For quite a while we have known about issues with our LED tail lights. People behind us on trails would often let us know one was flickering or only partially lighting up. Margaret saw it the last time we were out when she was filming from behind the Jeep. We’ve never really liked the tail lights. The ridiculous little LED spots just look stupid to us. I don’t understand why so many people are awe struck by LED tail lights and consider them an “upgrade” So we finally decided to swap them out. This post has moved to https://ourjeepadventures.com/replacing-the-tail-lights-on-our-jeep-wrangler/
Not a whole lot to write about on this. Our Jeep radiator has been leaking for over a year. Probably since we bought it. I always assumed the radiator fluid that was dripping was coming from the over flow tank. The splashes and drips came from the area of the overflow tank. It is really hard to see a lot of the seams on a Jeep radiator because of the plastic covers they encase it in. I finally was able to somewhat pin point the area of the leak and discovered it was coming from the drivers side towards the top of the radiator. This post has moved to https://ourjeepadventures.com/replaced-the-radiator-on-our-jeep/
After breaking down the front axle and accessing the damage we settled on the repair decisions. This was the perfect time to perform parts upgrades. When we had the rear axle upgraded by Redemption Offroad and the gear ratio changed, we did not upgrade the front axle. There were money concerns which prevented that upgrade. We knew there was a good possibility of the front axle breaking by not upgrading and it finally did.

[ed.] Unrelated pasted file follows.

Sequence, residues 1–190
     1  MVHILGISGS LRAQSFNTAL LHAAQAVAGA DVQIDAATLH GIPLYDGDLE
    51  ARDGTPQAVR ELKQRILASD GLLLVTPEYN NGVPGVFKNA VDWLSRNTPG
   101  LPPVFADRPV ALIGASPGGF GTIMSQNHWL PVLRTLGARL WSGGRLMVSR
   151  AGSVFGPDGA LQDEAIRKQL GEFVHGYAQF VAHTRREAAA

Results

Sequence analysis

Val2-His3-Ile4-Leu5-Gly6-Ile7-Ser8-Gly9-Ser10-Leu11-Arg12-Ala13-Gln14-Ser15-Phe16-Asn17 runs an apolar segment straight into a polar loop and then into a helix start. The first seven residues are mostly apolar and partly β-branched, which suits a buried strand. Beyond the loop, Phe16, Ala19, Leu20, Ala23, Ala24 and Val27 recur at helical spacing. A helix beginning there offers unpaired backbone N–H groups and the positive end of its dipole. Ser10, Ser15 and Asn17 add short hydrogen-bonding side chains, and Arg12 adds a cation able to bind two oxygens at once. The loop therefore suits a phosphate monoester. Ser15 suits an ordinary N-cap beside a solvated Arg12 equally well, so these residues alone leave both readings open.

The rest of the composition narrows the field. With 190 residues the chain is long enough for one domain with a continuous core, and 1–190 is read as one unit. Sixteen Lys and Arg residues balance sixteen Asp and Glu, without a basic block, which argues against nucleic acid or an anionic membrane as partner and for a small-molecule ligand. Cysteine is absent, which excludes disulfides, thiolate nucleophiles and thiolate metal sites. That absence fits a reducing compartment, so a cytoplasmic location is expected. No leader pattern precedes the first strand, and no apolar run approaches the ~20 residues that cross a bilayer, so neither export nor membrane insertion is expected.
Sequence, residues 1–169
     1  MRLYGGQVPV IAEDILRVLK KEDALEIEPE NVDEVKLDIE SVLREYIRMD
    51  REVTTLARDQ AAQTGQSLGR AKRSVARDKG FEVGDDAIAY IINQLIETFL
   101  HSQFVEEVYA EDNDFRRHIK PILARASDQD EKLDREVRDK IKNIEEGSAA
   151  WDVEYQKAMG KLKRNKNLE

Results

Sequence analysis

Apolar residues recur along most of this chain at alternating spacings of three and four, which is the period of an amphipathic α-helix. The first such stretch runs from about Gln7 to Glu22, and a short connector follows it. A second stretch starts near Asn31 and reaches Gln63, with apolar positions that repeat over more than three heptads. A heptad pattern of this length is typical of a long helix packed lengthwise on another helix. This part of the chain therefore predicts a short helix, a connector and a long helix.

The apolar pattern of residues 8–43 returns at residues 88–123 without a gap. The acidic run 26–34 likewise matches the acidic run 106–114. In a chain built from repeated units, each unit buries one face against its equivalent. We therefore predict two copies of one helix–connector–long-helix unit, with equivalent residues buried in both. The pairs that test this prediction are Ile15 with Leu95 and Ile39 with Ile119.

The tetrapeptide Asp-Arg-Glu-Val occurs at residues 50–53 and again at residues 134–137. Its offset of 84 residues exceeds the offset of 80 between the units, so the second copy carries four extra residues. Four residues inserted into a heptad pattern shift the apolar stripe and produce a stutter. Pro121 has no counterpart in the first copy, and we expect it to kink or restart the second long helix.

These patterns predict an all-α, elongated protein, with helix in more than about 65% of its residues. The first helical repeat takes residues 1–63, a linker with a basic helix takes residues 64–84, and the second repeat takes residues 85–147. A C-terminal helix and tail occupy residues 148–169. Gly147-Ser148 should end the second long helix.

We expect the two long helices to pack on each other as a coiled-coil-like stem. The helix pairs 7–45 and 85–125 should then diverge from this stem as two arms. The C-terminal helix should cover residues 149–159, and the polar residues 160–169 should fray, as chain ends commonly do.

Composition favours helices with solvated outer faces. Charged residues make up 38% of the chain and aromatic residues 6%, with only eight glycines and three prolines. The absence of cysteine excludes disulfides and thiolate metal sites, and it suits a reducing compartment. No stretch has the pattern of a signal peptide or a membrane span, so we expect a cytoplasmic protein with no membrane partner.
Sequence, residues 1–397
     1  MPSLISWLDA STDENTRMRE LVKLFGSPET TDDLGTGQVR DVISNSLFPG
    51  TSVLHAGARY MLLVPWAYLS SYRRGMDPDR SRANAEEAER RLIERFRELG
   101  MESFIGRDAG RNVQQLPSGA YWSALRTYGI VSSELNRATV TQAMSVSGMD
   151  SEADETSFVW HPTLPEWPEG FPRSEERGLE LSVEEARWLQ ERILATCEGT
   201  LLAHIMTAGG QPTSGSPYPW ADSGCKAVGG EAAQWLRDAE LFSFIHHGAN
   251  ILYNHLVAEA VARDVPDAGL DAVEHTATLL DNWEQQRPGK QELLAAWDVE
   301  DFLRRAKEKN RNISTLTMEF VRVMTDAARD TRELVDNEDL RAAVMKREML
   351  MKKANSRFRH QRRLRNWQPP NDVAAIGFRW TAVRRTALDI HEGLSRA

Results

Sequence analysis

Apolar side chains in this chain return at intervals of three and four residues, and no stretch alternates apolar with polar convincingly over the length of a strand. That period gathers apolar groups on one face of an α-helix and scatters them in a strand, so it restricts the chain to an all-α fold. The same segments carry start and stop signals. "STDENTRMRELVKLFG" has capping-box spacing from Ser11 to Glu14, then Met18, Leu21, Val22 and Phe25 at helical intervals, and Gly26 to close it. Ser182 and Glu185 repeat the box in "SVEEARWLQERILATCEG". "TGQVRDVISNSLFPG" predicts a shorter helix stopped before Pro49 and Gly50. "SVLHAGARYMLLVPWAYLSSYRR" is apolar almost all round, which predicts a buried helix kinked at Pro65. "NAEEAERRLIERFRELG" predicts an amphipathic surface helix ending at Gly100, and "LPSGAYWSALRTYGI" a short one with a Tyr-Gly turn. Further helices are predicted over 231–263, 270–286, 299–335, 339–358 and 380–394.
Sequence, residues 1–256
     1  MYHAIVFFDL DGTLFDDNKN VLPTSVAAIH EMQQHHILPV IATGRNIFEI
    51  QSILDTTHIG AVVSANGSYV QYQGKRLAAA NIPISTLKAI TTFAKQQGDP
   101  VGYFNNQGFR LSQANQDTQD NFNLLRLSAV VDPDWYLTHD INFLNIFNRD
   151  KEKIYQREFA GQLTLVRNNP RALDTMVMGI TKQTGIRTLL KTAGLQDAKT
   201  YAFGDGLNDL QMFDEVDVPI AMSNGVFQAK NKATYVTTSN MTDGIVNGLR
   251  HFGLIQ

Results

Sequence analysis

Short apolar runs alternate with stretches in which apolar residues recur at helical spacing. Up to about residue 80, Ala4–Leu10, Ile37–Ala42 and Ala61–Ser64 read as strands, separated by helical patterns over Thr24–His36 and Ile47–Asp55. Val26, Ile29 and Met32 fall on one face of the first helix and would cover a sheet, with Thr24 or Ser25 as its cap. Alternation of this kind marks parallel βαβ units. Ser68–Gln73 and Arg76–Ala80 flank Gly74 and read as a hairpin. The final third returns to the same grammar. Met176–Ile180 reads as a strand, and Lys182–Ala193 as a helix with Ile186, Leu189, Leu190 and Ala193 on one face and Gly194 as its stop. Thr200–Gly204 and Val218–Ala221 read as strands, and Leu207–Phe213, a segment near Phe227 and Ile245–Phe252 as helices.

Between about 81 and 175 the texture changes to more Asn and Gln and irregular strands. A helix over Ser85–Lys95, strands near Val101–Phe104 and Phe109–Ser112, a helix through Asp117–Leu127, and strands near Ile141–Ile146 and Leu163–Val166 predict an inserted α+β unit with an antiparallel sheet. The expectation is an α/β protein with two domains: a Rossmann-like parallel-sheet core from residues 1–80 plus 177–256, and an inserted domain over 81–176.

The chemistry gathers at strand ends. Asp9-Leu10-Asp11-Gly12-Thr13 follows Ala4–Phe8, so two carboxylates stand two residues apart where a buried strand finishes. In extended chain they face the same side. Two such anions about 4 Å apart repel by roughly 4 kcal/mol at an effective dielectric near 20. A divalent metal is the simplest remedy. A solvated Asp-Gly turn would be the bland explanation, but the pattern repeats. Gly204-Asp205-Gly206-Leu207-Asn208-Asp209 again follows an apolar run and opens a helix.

This post has moved to https://ourjeepadventures.com/the-front-axle-on-our-jeep-wrangler/
Decisions To Be Made
At this point we had to decide what parts we were going to use for repairs. Cost would play heavily into this decision. The stock components had given out which means if we repaired back to stock it would probably happen again. Because of this we decided to perform some upgrades.
The first upgrade were the axle shafts. From the pictures on the last post you can clearly see the twisting that occurred. That twist was at the point where the axle shaft is inserted into the carrier. The stock shafts simply weren’t able to handle the level of wheeling we have been doing. I suppose we were fortunate they didn’t snap or there would have been even more damage. We upgraded the axle shafts to Ten Factory 4340 Chromoly axle shafts. This will be quite an upgrade from the stock axle shafts and hopefully be able to handle the larger tires and level of wheeling we are doing.
Next was the difficult decision about what to install in the differential. While it is broken down is a great time for upgrades. The only problem is it can get very expensive at this point. We wanted to install an E-Locker like we did in the rear axle. The Eaton locker runs right at $1000. As much as we wanted to upgrade to the Eaton locker, we simply didn’t have the finances at this time to do so. Another option was to rebuild the stock carrier with heavier spider gears. This would have cost us right at $200 and would have only made the carrier stronger. It would not have helped with traction to both tires when needed since it would still be an open differential. After researching heavily for a couple of weeks we decided on the Powertrax Grip Pro Extreme Traction System. This is a limited slip differential that will apply torque to the wheel that is not rotating. Basically if one wheel is slipping it will engage the other wheel so that both will be providing traction. This is an in between solution to an open differential and a locker. Cost did play into the decision. This carrier was $351 which was only a small amount over replacing the spider gears. The cost was also far less than the locker. It would also give us more traction in the front when off roading which will be an upgrade for us.